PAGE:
Virginia AG opposes ‘deem and pass,’ will sue to block health mandates

Virginia Attorney General Ken Cuccinelli is urging Democrats in Washington, D.C., to reconsider the use of the “deem and pass” rule to approve health care reform and is threatening a state suit against any such comprehensive bill.

In a letter to House Speaker Nancy Pelosi (D-Calif.), Cuccinelli, a Republican, calls the “deem and pass,” or “self-executing rule” procedure something that “would raise grave constitutional questions.”

Citing Pelosi’s justification that such a measure would shield members of Congress from a recorded vote on a health reform bill, Cuccinelli said the move is “improper” under the U.S. Constitution and to be valid, the Senate’s bill would have to be accepted by the House in a form “that is word-for-word identical.

“Should you employ the deem and pass tactic, you expose any act which may pass to yet another constitutional challenge,” the attorney general wrote. “A bill of this magnitude should not be passed using this maneuver. As the president noted last week, the American people are entitled to an up or down vote.”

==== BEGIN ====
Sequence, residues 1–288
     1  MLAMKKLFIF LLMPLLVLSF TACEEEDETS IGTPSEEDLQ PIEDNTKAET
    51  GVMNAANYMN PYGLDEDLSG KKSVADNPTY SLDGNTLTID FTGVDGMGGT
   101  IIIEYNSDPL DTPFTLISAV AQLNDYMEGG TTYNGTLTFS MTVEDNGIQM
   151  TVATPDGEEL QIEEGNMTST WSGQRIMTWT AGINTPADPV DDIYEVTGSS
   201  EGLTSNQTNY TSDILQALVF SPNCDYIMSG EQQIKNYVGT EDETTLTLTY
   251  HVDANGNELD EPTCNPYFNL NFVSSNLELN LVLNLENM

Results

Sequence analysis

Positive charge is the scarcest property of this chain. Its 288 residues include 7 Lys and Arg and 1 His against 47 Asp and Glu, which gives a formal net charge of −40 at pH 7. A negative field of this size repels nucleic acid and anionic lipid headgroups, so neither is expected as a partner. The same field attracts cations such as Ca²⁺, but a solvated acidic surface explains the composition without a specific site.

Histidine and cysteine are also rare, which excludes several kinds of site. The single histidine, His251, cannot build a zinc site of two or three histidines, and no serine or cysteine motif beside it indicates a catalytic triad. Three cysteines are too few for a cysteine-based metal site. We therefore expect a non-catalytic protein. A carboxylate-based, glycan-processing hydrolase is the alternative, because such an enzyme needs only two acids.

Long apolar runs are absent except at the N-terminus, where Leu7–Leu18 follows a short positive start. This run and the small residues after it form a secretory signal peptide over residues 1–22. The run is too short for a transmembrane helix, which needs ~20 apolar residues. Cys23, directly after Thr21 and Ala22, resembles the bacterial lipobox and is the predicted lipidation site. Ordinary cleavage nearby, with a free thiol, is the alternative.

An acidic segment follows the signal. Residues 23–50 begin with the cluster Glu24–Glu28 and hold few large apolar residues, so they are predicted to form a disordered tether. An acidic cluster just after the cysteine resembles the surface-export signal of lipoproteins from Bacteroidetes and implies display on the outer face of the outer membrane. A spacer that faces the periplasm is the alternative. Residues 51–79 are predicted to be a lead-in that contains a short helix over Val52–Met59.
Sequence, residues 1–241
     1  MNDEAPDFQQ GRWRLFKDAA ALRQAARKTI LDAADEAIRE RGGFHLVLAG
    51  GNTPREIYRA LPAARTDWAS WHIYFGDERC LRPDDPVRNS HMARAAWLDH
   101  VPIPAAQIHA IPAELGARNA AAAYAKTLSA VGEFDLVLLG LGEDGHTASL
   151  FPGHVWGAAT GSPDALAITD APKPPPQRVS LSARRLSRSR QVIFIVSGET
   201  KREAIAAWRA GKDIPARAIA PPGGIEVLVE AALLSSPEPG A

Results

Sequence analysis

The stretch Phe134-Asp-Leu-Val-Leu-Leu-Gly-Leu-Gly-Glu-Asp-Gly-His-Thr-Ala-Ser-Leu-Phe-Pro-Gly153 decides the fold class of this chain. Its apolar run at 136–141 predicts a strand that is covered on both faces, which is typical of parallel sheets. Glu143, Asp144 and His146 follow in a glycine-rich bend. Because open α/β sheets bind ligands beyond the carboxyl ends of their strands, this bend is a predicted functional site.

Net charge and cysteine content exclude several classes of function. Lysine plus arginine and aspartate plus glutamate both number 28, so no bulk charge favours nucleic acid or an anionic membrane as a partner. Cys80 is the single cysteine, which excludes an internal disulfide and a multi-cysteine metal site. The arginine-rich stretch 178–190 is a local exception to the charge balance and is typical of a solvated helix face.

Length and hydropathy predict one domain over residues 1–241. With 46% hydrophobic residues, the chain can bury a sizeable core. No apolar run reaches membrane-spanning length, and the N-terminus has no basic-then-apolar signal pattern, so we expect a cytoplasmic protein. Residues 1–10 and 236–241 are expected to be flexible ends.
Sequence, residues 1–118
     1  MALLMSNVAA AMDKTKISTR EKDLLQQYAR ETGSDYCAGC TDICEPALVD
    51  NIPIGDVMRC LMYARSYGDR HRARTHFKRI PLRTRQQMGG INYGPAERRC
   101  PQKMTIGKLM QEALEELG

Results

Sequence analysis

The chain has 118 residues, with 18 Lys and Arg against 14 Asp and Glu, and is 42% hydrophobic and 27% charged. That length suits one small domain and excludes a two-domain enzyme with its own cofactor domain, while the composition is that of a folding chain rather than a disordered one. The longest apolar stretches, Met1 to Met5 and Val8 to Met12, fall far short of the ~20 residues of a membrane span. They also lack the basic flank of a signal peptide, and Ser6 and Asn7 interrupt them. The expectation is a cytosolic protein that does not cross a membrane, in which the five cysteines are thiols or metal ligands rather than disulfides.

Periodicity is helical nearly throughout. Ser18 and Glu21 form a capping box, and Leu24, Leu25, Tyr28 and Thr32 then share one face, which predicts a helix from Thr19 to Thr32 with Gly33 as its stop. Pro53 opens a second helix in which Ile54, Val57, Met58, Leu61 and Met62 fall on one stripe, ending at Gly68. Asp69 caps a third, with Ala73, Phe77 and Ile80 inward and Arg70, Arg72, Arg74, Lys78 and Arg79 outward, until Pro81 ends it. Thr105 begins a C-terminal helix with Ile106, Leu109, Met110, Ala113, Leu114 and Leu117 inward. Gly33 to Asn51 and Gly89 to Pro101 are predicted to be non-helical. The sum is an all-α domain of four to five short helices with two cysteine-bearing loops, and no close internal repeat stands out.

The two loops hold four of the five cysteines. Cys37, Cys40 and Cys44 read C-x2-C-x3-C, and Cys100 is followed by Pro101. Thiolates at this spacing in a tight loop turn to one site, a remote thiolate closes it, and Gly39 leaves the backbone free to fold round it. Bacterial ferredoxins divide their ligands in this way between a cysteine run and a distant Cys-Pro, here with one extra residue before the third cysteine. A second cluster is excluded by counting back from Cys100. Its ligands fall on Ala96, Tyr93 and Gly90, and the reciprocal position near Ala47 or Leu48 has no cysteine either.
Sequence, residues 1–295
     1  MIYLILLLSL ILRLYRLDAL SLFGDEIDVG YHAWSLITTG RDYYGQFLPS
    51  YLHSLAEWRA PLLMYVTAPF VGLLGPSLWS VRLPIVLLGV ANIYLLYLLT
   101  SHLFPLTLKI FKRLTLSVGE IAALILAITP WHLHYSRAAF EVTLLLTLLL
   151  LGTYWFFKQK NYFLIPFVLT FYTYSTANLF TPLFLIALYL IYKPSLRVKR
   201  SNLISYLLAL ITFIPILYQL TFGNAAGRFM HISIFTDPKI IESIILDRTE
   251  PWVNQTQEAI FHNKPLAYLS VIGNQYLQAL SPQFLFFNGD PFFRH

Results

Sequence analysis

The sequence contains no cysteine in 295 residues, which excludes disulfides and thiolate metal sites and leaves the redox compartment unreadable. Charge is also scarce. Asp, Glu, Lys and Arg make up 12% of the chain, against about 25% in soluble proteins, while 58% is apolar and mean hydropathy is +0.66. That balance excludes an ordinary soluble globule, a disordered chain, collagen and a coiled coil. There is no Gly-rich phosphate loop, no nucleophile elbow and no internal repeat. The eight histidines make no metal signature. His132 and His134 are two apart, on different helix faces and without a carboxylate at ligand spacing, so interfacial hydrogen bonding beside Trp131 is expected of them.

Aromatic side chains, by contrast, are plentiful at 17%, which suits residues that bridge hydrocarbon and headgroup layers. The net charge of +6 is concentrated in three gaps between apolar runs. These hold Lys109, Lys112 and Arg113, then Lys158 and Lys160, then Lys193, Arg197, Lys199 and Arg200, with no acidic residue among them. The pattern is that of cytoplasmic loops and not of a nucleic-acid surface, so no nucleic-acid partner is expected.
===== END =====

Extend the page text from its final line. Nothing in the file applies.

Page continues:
If a comprehensive health reform bill is approved on Capitol Hill, Cuccinelli has also announced that his office would sue to block its actions, most notably an individual mandate to secure private health insurance.

Virginia Gov. Bob McDonnell has on his desk the Virginia Health Care Freedom Act, approved by both the state Senate and House of Delegates and awaiting his signature.

The measure would prohibit the federal government from imposing the individual mandate on Virginia citizens or imposing a fine for failure to secure health coverage, likely setting up a Supreme Court battle over federal versus states’ rights.

While Virginia’s legislature was the first to pass an anti-mandate bill in the U.S., Idaho Gov. C.L. Otter was the first chief executive to make such a bill law, putting his signature on a similar measure March 17.

According to the Martinsville Bulletin, Cuccinelli said the Virginia bill “will give us more basis to challenge” a federal insurance mandate, if approved, and that “I intend to file suit” to challenge such a mandate’s constitutionality.